Wisconsin GOP leader Vos fires 2020 election investigator
MADISON, Wis. (AP) — Wisconsin’s Republican Assembly leader on Friday ended a 14-month, taxpayer-funded inquiry into the 2020 election by firing his hand-picked investigator. Assembly Speaker Robin Vos’ firing of Michael Gableman came just three days after the lawmaker narrowly survived a primary challenge from an opponent endorsed by former President Donald Trump and Gableman.
While Gableman found no evidence of widespread fraud during his inquiry, he had joined Trump in calling for lawmakers to consider decertifying the 2020 election — something Vos and legal experts say is unconstitutional and impossible.
Vos announced the investigation last year under pressure from Trump and chose Gableman, a conservative former Supreme Court justice, to lead it. But as the investigation progressed, Vos’ relationship soured with both Gableman and Trump.
When he hired Gableman, Vos had said he was “supremely confident” in his abilities. By Tuesday night, Vos was calling him an “embarrassment.”
“After having many members of our caucus reach out to me over the past several days, it is beyond clear to me that we only have one choice in this matter, and that’s to close the Office of Special Counsel,” Vos said Friday in a statement issued first to The Associated Press.
Gableman, who has repeated Trump’s lie that the 2020 presidential election was “stolen,” has said that Vos “never wanted a real investigation.” He and his attorney, James Bopp, did not immediately respond to emails seeking comment.
His investigation had drawn bipartisan scorn, and his firing generated bipartisan praise.
Democratic Gov. Tony Evers has been highly critical of Gableman and the probe. Spokesperson Britt Cudaback reacted with one word: “Finally.”
“It was a good decision. It would have been a better decision six months ago,” said Republican state Sen. Kathy Bernier, chair of the Senate elections committee, who went on to add that she has “zero respect, for Michael Gableman.”
Vos had repeatedly said the goal of the probe was not to overturn the 2020 election, a move Gableman acknowledged was impossible in a private memo to Vos. Even Gableman’s attorney Bopp told lawmakers that decertification was “pointless.”
Vos said people with ongoing concerns about election integrity should focus on defeating Evers, who vetoed changes Republicans wanted. Republican gubernatorial candidate Tim Michels supports disbanding the bipartisan Wisconsin Elections Commission and has said he would have signed the bills Evers vetoed.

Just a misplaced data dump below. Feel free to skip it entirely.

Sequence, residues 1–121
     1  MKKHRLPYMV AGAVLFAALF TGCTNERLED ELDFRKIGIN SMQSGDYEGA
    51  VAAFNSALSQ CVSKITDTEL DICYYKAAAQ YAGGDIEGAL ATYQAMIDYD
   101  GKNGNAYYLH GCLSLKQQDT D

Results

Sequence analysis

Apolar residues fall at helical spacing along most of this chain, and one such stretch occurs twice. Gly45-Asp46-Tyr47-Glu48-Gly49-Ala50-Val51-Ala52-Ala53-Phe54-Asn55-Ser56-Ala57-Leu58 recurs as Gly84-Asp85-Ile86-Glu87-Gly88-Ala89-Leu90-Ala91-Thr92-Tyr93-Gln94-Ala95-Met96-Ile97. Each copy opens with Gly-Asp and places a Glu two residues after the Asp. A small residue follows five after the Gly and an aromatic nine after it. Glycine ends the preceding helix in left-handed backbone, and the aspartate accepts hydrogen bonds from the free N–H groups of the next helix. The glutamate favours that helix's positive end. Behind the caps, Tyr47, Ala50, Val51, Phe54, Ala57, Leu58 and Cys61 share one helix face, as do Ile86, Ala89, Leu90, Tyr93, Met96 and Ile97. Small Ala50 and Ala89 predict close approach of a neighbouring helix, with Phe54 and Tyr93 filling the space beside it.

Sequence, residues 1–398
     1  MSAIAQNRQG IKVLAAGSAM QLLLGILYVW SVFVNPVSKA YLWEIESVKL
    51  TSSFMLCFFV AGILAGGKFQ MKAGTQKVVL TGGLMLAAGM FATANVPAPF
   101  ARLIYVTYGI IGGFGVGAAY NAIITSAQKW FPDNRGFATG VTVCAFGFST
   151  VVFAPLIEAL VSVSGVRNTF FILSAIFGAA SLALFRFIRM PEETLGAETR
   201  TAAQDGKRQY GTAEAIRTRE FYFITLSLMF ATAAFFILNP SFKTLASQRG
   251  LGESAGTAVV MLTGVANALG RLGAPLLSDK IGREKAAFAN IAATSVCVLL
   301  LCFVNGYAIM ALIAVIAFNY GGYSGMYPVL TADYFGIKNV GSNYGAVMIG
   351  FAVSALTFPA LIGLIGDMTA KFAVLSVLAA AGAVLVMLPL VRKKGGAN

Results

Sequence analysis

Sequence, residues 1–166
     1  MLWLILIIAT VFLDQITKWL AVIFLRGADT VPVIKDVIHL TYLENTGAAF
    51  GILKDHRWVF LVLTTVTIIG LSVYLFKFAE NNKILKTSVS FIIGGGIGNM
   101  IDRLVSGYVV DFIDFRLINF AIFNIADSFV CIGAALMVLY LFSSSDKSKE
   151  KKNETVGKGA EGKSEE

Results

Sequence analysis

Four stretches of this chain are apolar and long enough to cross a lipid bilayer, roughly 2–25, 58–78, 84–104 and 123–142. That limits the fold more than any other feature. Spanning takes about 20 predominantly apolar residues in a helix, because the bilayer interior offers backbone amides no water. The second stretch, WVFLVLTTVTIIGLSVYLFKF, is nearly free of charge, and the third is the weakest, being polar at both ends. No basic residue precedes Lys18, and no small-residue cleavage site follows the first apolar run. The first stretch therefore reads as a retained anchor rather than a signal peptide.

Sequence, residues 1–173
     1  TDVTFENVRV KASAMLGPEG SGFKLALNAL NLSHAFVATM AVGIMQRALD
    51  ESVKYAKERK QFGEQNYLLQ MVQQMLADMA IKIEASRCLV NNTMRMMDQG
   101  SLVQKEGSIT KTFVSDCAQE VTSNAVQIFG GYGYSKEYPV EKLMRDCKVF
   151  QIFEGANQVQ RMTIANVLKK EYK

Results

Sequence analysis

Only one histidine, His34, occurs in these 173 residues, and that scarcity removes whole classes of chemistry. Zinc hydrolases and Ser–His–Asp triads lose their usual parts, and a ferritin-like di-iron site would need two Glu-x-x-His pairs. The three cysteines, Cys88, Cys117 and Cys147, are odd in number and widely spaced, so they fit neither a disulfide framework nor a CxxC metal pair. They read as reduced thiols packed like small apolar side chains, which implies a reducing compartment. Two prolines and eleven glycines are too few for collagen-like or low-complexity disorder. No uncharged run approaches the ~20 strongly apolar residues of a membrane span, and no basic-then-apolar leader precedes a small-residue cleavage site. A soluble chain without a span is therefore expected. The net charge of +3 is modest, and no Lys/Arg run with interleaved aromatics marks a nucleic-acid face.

Michels’ adviser Chris Walker declined to comment on Gableman’s firing.
Vos hired Gableman to quell pressure he was feeling from those who believed Trump’s false claims about the 2020 election. President Joe Biden won Wisconsin by nearly 21,000 votes, an outcome that’s survived lawsuits, recounts, reviews, audits, in addition to Gableman’s own investigation.
Unhappy with how he was treated by Vos, Gableman’s public comments critical of the speaker increased as did Trump’s. In April, Gableman called for pressure to be put on Vos to extend the former justice’s contract. Vos did so — albeit with a pay cut from his initial $11,000 a month. Vos put the investigation on hold in May, pending resolution of ongoing lawsuits.
Their relationship reached a tipping point when both Trump and Gableman endorsed Vos’ primary opponent, leading to a tighter-than-expected race. Vos eked out with a 260-vote win. Vos said his victory showed lawmakers “don’t have to be a lapdog to whatever Donald Trump says.”
Gableman also faces legal trouble.
On Tuesday, a judge was to determine whether Gableman remains in contempt of court for not complying with the state’s open records law. Dane County Circuit Judge Frank Remington forwarded his contempt order to the committee that disciplines attorneys for possible further action, including suspension or repeal of Gableman’s law license.
That is one of six pending lawsuits related to the investigation.
The attorneys’ fees awarded so far has resulted in a total tab for Gableman’s investigation, all paid by taxpayers, that tops $1.1 million.
Wisconsin Attorney General Josh Kaul, a Democrat, said he was glad Vos decided to shut down what he called a “colossal waste of tax dollars to promote the Big Lie.”
“What we knew before this started remains true today: our elections are free, fair, and secure, and the results of our elections reflect the will of the voters,” said Kaul, who has a pending lawsuit against Gableman.
Gableman has used the probe to raise his national profile. He gave the prayer at Trump’s Wisconsin rally this month and he’s been a regular on conservative talk radio, including an appearance where he disparaged how Wisconsin’s chief elections official dresses.
Gableman also faced criticism for scant expense records, confusing emails, meeting with conspiracy theorists including MyPillow executive Mike Lindell, and making rudimentary errors, including multiple spelling mistakes. For instance, in records released during the lawsuits, Gableman and his team routinely misspelled Vos as “Voss.”
Democratic state Sen. Melissa Agard said it was “past time” for Gableman to be fired.
“I’m glad that Speaker Vos has stopped the bleeding for these tax dollars going to a sham investigation,” she added.